The Obamas
President Barack Obama, First Lady Michelle Obama, and daughters, Malia, left, and Sasha, right, sit for a farewell family portrait in the Oval Office The White House

The Obamas have sent out their last White House Christmas card, causing many Americans to beg Barack Obama to stay on as their country's leader.

#DontLeave was used widely on social media as people shared pictures of the card.

It shows President Obama, who will depart the White House on 20 January, with First Lady Michelle and their daughters Sasha and Malia.

Inside, the greeting card reads: "Happy Holidays. As our family reflects on our many happy years spent in the White House, we are grateful for the friends we've made, the joy we've shared, and the gifts of kindness we've received. We wish you and your loved ones a joyous holiday season and a wonderful new year."

Remarking on the valedictory greeting card on social media, Wendy Giaccaglia said: "President Obama, PLEASE don't go. You can't leave us with him." 'Him,' being barbed reference to his successor President-elect Donald Trump.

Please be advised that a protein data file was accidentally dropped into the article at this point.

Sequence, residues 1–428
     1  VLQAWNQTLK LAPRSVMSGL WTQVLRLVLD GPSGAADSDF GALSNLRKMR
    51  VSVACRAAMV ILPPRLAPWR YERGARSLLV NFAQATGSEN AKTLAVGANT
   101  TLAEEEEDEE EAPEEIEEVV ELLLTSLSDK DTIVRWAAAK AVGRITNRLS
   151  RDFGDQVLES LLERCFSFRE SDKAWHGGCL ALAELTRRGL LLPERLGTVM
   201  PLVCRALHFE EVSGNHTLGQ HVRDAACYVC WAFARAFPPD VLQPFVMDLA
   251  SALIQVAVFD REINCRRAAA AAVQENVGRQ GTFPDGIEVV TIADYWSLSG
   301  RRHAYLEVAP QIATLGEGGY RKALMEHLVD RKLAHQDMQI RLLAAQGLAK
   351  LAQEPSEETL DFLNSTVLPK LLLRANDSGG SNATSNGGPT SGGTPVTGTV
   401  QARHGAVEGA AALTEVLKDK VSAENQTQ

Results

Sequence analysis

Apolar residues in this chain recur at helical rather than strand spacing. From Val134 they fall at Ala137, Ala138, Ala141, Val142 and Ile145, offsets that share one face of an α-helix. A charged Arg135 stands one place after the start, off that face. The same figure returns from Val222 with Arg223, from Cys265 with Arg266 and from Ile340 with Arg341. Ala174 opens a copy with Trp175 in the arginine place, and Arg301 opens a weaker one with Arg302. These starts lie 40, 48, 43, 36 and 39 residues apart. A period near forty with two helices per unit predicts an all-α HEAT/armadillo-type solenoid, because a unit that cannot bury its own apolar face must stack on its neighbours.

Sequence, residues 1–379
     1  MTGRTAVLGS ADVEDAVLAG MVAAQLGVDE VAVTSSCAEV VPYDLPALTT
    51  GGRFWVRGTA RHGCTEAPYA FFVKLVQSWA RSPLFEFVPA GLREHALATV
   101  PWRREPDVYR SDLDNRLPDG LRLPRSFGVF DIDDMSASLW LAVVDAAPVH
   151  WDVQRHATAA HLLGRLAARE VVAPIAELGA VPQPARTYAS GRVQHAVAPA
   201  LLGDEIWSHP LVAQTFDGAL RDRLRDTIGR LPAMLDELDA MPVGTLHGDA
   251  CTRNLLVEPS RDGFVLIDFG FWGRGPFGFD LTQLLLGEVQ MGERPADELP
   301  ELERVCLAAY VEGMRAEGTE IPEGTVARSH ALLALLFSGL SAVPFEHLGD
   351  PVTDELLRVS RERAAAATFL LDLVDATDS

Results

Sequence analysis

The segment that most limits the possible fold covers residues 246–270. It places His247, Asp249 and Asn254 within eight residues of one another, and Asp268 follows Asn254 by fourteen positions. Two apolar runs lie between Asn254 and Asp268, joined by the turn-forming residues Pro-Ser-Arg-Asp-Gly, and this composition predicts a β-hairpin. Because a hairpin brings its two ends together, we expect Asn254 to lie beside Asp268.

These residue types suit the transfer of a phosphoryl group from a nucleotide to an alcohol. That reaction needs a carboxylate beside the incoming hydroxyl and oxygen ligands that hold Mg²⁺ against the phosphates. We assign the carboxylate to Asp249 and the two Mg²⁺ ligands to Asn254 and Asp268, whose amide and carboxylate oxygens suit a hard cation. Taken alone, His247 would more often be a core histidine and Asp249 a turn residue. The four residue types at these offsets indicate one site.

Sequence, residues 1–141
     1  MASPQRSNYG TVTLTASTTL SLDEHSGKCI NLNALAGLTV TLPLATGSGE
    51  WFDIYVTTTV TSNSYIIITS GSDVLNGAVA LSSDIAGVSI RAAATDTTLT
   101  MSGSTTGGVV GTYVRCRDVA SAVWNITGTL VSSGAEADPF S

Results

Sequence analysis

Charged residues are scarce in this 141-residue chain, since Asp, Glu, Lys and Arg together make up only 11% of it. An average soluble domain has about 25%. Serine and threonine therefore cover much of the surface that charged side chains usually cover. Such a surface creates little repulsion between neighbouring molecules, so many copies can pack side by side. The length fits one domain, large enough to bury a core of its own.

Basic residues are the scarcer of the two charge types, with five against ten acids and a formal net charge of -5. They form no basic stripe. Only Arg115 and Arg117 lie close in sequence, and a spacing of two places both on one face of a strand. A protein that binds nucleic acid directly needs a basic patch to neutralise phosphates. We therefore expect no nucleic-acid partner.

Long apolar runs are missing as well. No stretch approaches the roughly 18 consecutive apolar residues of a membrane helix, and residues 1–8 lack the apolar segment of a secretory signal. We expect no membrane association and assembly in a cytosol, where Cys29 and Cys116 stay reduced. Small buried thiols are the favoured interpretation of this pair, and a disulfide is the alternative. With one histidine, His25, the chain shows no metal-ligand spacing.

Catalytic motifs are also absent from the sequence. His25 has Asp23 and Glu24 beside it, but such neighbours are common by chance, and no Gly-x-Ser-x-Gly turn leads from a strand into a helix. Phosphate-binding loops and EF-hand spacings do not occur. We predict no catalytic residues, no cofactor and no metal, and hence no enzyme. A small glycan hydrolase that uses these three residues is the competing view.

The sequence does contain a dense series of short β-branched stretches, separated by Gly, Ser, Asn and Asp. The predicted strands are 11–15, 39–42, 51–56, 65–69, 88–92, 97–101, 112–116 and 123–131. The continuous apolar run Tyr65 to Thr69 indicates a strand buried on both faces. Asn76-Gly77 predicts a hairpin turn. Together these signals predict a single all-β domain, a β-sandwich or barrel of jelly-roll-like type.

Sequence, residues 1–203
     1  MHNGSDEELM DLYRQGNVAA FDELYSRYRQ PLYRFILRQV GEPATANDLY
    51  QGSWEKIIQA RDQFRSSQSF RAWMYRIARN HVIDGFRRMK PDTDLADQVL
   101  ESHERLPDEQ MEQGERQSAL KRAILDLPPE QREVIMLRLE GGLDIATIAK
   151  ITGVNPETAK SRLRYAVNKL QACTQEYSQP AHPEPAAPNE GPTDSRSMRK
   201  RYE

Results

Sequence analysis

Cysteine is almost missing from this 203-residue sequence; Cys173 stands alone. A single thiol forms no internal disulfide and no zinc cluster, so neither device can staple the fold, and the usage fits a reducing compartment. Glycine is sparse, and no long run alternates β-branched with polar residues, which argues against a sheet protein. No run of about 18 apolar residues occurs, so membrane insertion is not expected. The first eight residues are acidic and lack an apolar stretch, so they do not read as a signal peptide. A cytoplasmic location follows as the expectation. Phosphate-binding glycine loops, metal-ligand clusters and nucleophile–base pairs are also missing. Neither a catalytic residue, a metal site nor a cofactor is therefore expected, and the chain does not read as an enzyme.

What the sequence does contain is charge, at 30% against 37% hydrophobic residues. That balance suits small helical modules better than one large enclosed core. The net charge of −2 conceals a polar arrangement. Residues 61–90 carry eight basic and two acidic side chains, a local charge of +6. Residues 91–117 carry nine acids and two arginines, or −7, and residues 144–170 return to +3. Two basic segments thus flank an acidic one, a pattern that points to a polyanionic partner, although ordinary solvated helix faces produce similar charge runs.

Another tweeter said: "We are going to miss you so much POTUS and FLOTUS [President and First Lady of the United State]. Please don't leave us, we are lost and vulnerable without you."

Some, however, criticised the Obamas for the lack of Christian-themed language in their card, which instead opted for the more faith neutral, "Happy holidays."

This has been a common theme during Obama's presidency, though, with previous cards being panned for being too generic.

Former Republican vice presidential candidate Sarah Palin branded the 2011 card "odd" for a having a portrait of the White House dog Bo rather than traditions of "family, faith and freedom", but the inclusive approach is common for all presidents.

In 2005, George Bush's card depicted the White House covered in snow with the family dogs Barney and Miss Beazely outside. Inside it read: "With best wishes for a holiday season of hope and happiness."

On this occasion however, the Obamas did break with tradition as they opted for a family portrait rather than festively decorated rooms or the White House.

In the 2016 campaign to "Make America Great Again", President-elect Donald Trump said he would do away with the political correctness of saying "Happy holidays" and would say "Merry Christmas" instead.